WASHINGTON (Nov. 15)
One interesting twist for Jewish voters that has nothing to do with Bill Bradley’s voting records or policy papers is his wife, Ernestine Schlant.
The German-born Schlant is a professor of German and comparative literature at Montclair State University in New Jersey. If Bradley is elected president, she would be the first naturalized citizen to become first lady.
Democratic activists in both the Bradley and Gore camps said they do not believe Schlant’s background has become — or should become — an issue during the presidential race.
Schlant’s recent book, “The Language of Silence: West German Literature and the Holocaust,” argues that postwar German writers gave short shrift to the Holocaust and the experiences of the Jews. She was born in the Bavarian town of Passau, where Hitler lived for a time as a child and was the site of three Nazi forced labor camps.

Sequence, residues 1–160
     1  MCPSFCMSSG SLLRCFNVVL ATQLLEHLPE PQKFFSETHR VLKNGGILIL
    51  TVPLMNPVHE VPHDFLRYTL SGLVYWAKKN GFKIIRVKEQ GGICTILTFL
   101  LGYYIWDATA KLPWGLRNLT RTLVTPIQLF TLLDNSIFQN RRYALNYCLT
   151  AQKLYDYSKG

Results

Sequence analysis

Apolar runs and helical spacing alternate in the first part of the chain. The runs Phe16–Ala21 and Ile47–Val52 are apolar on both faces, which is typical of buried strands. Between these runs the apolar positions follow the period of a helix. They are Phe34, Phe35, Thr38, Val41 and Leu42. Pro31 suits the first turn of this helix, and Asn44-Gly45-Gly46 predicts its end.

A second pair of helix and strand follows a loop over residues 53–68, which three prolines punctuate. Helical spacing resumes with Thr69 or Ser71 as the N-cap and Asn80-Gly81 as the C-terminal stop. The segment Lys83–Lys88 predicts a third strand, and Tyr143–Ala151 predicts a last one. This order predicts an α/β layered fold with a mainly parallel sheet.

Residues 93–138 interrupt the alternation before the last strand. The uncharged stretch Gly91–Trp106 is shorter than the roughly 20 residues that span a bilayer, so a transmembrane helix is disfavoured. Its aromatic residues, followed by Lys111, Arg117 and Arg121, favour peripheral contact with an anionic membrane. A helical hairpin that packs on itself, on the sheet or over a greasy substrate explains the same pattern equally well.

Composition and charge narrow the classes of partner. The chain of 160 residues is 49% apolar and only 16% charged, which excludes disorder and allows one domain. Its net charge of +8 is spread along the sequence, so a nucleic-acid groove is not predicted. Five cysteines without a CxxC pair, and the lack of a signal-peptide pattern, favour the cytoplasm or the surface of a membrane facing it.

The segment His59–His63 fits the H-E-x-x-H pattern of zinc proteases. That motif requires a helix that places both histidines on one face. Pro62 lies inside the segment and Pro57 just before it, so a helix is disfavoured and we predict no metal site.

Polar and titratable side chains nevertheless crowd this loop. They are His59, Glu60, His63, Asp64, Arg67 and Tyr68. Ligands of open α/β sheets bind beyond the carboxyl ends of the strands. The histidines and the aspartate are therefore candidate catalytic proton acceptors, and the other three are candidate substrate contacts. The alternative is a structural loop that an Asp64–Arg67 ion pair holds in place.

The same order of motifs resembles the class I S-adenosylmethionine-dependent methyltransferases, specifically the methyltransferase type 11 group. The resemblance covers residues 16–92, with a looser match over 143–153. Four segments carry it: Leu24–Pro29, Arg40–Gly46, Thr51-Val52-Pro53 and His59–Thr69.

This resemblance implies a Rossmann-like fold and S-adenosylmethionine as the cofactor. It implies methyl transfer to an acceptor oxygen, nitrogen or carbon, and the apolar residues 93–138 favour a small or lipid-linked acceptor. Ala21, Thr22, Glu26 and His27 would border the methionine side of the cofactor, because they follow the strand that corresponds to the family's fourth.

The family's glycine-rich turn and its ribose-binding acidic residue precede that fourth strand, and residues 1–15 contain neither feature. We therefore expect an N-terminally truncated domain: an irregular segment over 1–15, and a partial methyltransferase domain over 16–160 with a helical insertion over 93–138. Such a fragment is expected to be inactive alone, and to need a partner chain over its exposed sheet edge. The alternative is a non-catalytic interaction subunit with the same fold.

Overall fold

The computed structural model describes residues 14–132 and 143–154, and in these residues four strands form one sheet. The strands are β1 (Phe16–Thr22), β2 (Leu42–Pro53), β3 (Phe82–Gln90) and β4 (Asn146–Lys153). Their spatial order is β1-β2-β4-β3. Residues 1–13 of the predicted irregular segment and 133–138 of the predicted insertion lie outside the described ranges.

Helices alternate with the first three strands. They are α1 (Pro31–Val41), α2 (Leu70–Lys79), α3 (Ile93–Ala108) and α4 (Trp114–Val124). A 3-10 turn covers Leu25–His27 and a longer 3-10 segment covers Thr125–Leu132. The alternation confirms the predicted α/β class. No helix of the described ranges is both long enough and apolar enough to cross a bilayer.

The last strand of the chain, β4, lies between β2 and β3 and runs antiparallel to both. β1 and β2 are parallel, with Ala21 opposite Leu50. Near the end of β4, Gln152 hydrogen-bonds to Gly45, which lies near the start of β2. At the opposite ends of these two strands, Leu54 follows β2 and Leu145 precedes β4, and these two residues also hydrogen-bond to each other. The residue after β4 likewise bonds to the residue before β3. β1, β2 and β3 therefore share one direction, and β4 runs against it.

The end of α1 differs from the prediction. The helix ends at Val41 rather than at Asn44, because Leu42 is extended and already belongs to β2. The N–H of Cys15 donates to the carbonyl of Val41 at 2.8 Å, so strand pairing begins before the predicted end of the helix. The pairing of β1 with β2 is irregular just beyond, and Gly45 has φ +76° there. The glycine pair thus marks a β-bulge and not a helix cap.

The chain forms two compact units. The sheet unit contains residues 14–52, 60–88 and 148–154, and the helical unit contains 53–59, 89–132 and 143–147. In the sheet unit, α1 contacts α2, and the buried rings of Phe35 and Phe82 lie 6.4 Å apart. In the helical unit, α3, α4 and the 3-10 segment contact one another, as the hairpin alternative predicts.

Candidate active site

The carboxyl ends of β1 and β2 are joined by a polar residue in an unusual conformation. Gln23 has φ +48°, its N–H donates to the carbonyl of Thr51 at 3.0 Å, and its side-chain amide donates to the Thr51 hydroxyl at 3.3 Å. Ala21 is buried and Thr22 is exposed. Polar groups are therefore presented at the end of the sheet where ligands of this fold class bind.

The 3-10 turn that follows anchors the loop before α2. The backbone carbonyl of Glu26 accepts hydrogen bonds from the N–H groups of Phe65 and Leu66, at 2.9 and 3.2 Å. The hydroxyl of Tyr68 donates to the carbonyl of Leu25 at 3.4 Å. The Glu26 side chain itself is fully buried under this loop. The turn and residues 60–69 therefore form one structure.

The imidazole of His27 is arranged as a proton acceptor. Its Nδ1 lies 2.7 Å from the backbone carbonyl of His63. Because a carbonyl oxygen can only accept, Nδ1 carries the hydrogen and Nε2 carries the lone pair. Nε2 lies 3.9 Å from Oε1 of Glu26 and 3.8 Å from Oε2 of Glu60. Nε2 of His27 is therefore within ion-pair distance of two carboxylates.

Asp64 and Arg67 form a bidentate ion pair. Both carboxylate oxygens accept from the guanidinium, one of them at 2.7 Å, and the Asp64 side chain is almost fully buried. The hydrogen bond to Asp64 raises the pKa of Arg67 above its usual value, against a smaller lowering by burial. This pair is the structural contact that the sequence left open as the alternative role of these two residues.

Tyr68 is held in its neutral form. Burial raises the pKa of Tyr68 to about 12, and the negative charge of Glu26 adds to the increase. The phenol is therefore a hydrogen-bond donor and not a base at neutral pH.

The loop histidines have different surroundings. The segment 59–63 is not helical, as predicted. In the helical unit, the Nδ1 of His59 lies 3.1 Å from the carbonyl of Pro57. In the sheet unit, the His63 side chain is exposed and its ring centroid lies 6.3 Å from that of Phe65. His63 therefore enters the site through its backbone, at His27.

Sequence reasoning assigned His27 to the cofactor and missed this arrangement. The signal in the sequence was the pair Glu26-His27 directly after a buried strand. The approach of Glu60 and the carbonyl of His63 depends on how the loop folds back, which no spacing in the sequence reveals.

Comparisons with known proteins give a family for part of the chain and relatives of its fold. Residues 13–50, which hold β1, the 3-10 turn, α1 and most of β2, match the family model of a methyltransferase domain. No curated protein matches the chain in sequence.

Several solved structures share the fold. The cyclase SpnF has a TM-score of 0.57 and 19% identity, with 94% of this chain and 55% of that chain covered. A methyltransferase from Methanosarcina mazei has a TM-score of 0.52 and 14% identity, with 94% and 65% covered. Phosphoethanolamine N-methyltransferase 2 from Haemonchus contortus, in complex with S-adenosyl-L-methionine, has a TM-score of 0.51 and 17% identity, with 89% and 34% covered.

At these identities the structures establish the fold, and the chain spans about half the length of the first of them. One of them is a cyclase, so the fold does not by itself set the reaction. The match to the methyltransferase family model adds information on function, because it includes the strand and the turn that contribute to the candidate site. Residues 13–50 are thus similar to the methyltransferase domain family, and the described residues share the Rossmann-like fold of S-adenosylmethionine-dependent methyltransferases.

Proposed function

Schlant’s father, Sepp Misslbeck, served in a support role for the German air force and was not associated with the Nazi Party, Bradley writes in his 1996 memoir, “Time Present, Time Past.” Schlant’s mother, Erna, spoke out against the Nazis during a movie theater newsreel showing German defeats in the spring of 1944 and was almost taken away, but was spared because she was pregnant, according to Bradley’s account.
Misslbeck was briefly held by the Allies before it was determined that he was not associated with the Nazis. After the war, he was encouraged to enter local government by the Allies because those linked to the Nazis were barred from holding office.
He formed his own party — the Independent Voters — that focused on improving local government in Ingolstadt, where he eventually became mayor.